dowed with every attribute tending to induce its centralization at
the great financial cities and its removal from the country dis-
tricts."^ In short, it is objected that the bank-notes now have

1 See sections 61-64 of the national bank act of 1863.

"^ Report of the Comptroller of the Currency, 1863.

3 Commercial and Financial Chronicle, May 14, 1892, p. 7S2.


the quality of metallic money, and, like gold, will flow and accu-
mulate as the current of internal commerce may require, having
hardly more tendency to remain near the place of issue than coin
has to stay in the neighborhood of the mint, except so far as their
movements are arrested by redemption at the Treasury.

It will assist us in weighing the force of this objection if we
first consider the movement of a currency exclusively of coin. It
is distinctly recognized that a coin medium will not distribute
itself with equal depth over sections of a country which differ in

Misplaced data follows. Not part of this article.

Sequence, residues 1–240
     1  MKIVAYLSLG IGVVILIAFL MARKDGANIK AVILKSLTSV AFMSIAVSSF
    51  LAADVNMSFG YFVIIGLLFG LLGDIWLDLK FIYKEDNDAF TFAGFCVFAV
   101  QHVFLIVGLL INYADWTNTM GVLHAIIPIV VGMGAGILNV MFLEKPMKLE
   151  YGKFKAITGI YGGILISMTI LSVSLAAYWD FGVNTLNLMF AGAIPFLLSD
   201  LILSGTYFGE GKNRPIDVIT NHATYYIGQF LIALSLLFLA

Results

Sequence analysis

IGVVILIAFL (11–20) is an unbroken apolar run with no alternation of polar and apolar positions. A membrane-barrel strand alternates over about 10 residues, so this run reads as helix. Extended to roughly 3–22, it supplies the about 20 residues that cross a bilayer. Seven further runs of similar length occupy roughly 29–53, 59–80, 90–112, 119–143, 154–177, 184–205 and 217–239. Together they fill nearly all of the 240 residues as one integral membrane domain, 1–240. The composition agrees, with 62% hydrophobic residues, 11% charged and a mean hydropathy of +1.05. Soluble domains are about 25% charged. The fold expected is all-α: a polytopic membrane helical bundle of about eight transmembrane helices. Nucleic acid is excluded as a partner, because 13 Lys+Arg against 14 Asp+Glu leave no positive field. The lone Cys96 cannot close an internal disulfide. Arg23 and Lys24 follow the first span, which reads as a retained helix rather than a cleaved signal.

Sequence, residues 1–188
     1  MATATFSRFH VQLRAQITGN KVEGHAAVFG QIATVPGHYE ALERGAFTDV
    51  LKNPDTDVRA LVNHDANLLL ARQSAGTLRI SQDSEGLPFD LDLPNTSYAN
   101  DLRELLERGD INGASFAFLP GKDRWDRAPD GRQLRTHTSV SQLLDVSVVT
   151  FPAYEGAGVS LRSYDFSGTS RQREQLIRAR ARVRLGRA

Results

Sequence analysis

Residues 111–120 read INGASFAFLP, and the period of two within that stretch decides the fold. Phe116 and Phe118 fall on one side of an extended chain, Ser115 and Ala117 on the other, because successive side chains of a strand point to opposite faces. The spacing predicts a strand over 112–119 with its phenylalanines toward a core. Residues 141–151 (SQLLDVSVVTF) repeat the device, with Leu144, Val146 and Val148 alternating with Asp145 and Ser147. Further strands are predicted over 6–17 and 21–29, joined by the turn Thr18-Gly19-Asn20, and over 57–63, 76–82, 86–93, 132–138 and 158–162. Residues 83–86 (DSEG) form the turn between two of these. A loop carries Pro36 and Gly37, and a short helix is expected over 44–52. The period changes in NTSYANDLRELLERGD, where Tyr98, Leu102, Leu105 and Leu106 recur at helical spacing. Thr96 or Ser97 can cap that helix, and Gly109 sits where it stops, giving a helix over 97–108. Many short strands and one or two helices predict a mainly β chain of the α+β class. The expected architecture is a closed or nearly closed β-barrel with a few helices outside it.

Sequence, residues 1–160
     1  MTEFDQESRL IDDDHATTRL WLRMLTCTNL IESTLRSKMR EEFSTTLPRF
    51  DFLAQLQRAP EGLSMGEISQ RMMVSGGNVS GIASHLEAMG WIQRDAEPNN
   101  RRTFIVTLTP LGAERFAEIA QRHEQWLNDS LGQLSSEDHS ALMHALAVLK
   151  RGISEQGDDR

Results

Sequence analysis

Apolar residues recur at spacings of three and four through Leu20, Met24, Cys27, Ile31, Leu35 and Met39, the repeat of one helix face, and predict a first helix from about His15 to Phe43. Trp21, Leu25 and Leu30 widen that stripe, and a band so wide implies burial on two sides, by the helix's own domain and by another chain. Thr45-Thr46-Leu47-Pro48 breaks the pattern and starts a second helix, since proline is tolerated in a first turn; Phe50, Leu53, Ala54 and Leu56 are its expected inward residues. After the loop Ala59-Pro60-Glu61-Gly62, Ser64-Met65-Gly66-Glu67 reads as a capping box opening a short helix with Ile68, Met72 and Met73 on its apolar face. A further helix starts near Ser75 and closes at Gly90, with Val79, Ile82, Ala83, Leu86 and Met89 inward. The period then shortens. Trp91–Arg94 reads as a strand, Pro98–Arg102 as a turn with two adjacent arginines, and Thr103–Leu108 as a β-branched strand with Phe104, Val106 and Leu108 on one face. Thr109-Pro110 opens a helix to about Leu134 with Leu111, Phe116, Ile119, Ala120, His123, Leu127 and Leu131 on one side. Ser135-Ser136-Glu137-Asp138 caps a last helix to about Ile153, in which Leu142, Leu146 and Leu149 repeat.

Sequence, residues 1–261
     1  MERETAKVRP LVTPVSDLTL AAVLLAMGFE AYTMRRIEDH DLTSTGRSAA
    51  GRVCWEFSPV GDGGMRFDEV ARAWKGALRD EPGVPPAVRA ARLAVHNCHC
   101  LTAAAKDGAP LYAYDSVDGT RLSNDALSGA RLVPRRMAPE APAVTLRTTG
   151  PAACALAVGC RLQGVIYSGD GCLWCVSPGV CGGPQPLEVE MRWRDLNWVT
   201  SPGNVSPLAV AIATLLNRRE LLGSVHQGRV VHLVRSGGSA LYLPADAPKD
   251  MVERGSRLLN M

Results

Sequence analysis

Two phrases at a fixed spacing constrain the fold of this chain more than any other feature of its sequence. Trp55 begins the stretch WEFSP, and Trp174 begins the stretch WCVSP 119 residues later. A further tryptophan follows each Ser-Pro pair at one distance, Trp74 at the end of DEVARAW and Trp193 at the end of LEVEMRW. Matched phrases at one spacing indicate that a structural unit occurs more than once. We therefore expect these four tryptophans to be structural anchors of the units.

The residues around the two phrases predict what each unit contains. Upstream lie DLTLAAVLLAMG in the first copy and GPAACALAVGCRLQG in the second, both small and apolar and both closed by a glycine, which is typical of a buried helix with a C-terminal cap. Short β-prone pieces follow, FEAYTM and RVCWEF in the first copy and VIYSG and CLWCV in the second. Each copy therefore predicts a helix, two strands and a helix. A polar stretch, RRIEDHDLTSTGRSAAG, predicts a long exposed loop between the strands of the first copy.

resources, industry, and acquired wealth. Notwithstanding the
immense volume of transactions settled finally by exchange of
products, the farming sections will steadily keep themselves bare
of coin by their heavy purchases in anticipation of the future, and
by their normally increasing payments for interest on the capital
invested among them by non-residents. If they were less enter-
prising and progressive, payment in products might keep pace
with their obligations ; but their vigorous industry constantly im-
pels them to push the use of their credit and to keep their stock
of money low. As communities, they invite loanable funds by
high rates of interest ; but no transfer effected in this way gives
anything more than a temporary relief from the dearth of coin.
In the present stage of their development they have uses for
goods which stand higher in their estimation than their uses for

In describing the unequal distribution of a medium supposed
to be exclusively of coin, the language used runs of itself into the
present tense, as though the imagined medium were really existent,